The only 3-D value that is varied and controlled in Beowulf is the interaxial value. Convergence has not been used because there is no need to use convergence on a CGI production, other than for creative reasons. It could be used to compress space in a particular way, but the resulting geometric distortions of the image will have to be corrected and so there will have to be a real creative imperative to use convergence with CGI. As there was clearly no desire to manipulate the image in this way, convergence was not used.
That leaves the interaxial. Beowulf uses very conservative interaxial values, close to the regular human sight of 65mm. On wider shots, a bigger interaxial is used, but nothing too spectacular is done in this respect. It is one of the most boring uses of the interocular possible and Beowulf never surprises or does anything unpredictable or even creative in terms of interaxial values. In terms of pushing the envelope, it’s certainly not done with the 3-D camera work.
There is one particular shot which uses a very nice interocular to create the most fitting 3-D image. It happens during the battle with the sea monster, when Beowulf climbs up to the monster’s head. A large interaxial here makes Beowulf look smaller, almost like a miniature person. The choice of a wide interaxial was clearly made because this is a wide shot, but its effect makes Beowulf look like a toy figurine. That works very well with the situation he is in: fighting a mystical, massive sea monster and as this is a story being told by Beowulf, it is fantasy anyway. The perceived smaller size of Beowulf on this monster therefore works very well.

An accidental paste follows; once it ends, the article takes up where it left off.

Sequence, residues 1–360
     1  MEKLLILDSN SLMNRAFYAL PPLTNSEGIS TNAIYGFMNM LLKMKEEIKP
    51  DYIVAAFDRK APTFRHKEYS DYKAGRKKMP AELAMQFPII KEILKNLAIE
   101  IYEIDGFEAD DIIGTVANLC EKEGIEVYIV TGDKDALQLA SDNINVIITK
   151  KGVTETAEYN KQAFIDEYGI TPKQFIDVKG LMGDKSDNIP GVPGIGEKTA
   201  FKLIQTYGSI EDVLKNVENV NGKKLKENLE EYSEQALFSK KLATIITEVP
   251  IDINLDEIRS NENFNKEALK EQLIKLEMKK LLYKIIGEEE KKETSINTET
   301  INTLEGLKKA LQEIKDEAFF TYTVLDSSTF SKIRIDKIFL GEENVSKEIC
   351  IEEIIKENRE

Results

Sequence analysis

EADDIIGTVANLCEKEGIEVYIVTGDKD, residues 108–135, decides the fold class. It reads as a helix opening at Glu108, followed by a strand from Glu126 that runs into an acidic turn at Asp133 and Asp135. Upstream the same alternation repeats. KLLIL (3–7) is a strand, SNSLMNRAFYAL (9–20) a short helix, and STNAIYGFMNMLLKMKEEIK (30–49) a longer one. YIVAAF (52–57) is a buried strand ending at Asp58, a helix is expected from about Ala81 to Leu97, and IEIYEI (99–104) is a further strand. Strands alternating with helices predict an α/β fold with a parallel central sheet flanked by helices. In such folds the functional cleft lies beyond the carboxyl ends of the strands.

It’s just too bad this kind of shot is not used in a creatively conscious way, supporting the scene, the composition, the framing and the story, rather than slavishly setting the interaxial according to focal length and camera distance to subject.
As a general rule, fast camera moves don’t work with 3-D. The eyes can’t focus well and lose 3-D fusion, which creates discomfort. The camera pans and swoops in Beowulf are too fast and do indeed create this discomfort.
On camera trucks and crane shots – and Zemeckis does love a good flying camera – too often the frame is filled with passing objects like actors, supporting beams, chairs, tables, trees, rocks and so on. This is 2-D cinema framing and it just doesn’t work with 3-D. The reason it is very unpleasant to look at, with audience members yanking off their 3-D glasses, is that objects at the edge of the screen – left and right – cause retinal rivalry. Retinal rivalry is a big enemy of the 3-D filmmaker: image parts that appear in the left eye image but not in the right – something that is almost unavoidable for any background scenery but an issue that is very avoidable for foreground objects.